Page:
In Dr. Wadelton's experience, most of the children she has treated with autism improved with treatment and with age. Some children who started out in early intervention programs even appear to "lose" their autism symptoms, mainstreaming during elementary school, with only the more subtle symptoms of autism remaining. Some may look like shy students, ADHD students, learning disabled students, or even "gifted professor" students.
Some children with ASD follow a different developmental path, making progress in their own way, but not mainstreaming, and requiring more lifelong support. It is fair to say that for anyone diagnosed with ASD there will be successes and challenges. It is important to take one challenge at at time and to stay alert to changing needs across the lifespan as children grow from toddlerhood, to school age, to adolescence, and on to adulthood. Dr. Wadelton has had the pleasure of guiding parents and children with ASD through many years of their lives. Several of her former elementary and middle school patients with ASD are now attending college!
What Are Your Options For Autism Treatment?
Autism treatment is generally geared towards treating the specific symptoms or problems that the person with ASD is experiencing. Alternative treatments aimed at treating the overall person with ASD may include nutritional supplements or special diets aimed at reducing or ameliorating the effects of suspected environmental or gut toxins. Autism treatments may be home based, school based, or clinic based. They may be offerred in group or individual settings. They may be paid for by the school, private insurance, or self-pay.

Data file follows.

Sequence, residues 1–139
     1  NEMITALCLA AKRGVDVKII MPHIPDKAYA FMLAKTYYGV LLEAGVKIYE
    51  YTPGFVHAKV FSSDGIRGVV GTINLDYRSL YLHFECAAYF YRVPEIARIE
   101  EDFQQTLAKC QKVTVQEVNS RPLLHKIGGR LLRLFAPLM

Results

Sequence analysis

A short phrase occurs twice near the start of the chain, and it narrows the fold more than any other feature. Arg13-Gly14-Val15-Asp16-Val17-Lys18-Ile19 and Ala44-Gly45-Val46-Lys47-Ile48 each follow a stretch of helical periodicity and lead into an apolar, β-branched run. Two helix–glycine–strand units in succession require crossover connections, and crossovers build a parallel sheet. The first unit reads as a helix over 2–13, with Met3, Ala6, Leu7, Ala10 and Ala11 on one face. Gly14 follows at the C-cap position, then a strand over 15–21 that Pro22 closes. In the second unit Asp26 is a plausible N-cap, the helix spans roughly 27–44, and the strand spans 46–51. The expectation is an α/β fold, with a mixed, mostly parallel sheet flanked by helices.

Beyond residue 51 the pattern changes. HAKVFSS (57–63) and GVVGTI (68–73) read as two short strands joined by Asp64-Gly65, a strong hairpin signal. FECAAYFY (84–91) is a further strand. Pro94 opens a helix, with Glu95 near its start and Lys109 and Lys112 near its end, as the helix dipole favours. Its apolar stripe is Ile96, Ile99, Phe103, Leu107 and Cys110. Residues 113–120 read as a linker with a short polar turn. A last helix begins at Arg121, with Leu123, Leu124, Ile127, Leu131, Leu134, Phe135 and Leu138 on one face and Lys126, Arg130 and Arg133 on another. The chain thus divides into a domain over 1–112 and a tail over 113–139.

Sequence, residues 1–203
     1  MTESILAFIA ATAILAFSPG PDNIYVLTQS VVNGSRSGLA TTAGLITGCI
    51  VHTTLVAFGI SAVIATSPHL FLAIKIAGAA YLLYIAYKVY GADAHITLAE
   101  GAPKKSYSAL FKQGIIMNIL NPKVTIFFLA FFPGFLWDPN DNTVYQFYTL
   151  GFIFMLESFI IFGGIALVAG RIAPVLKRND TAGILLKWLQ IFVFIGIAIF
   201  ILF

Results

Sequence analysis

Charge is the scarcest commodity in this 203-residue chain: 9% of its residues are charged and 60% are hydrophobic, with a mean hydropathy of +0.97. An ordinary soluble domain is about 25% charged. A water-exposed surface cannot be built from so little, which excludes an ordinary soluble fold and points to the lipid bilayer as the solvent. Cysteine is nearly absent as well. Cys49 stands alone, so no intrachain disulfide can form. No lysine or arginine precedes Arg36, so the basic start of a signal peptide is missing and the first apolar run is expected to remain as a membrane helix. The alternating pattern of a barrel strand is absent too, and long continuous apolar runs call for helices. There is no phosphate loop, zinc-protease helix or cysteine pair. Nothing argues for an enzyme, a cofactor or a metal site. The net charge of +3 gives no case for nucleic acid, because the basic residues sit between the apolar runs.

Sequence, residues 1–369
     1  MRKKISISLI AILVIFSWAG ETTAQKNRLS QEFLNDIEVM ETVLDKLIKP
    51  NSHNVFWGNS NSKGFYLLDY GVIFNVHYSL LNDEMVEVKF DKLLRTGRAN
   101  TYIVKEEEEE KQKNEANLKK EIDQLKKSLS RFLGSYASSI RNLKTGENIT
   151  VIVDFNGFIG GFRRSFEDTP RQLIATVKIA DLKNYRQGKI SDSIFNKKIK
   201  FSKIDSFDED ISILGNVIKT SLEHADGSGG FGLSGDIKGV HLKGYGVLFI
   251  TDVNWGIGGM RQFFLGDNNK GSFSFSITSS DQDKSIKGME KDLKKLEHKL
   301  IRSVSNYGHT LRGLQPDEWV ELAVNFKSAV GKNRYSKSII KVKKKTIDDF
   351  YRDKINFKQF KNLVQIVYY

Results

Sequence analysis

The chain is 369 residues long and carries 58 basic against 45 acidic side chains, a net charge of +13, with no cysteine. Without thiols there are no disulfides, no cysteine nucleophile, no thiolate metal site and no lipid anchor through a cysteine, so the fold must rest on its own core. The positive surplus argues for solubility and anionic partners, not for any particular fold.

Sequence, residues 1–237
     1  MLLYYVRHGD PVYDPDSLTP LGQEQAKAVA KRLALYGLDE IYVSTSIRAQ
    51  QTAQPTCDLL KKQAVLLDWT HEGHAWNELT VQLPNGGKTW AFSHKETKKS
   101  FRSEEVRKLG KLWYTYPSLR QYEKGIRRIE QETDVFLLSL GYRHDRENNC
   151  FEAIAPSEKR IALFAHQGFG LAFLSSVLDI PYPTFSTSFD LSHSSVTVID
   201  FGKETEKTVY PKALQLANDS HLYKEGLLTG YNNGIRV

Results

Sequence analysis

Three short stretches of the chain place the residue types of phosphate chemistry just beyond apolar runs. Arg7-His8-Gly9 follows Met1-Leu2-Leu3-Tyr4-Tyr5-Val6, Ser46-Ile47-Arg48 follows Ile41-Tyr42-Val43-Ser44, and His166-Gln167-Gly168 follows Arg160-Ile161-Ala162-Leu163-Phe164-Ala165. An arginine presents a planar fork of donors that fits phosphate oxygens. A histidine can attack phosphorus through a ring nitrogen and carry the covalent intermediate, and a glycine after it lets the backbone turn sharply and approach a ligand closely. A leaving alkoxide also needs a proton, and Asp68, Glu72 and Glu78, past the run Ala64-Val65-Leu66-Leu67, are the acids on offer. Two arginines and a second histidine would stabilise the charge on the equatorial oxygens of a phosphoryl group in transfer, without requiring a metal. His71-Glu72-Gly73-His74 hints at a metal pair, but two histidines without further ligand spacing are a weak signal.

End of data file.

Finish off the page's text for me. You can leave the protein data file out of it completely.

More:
ABA (Applied Behavioral Analysis) Therapy
ABA therapists use highly structured and intensive training sessions to help children develop specific desired behavioral skills. ABA is also used to help decrease or eliminate the occurrence of undesired behaviors. Dr. Wadelton has over 2000 hours of ABA training, ten times more than the average certified ABA therapist!
Speech and Language Therapy
Speech and language therapists work on all aspects of speech and language development from sign language, to producing sounds, words, grammar, and conversational or pragmatic speech. It is important to look for speech and language therapists who are specifically experienced in working with autistic children.
Medications For Autism
Doctors may prescribe medications for treatment of specific autism-related symptoms, such as sleep disturbance, ADHD, anxiety, depression, or obsessive-compulsive disorder. Small doses of antipsychotic medications are sometimes used to treat severe behavioral problems. Seizures can be treated with anticonvulsant medications.
Other therapies: There are a number of alternative therapies or interventions available. Dr. Wadelton offers the following advise about alternative therapies:
- Do no harm! Make sure that what you do has medical oversight particularly if it involves invasive experimental procedures.
- Don't break the bank! There are no magic cures. Do what makes sense for your whole family future.
- Dietary interventions should be discussed with your M.D. and nutritionist. Children with ASD are frequently picky eaters, prone to failure-to-thrive and nutritional deficiencies.
- Don't overdo it! Too much therapy can wear you and your child out. ASD is a marathon, not a sprint!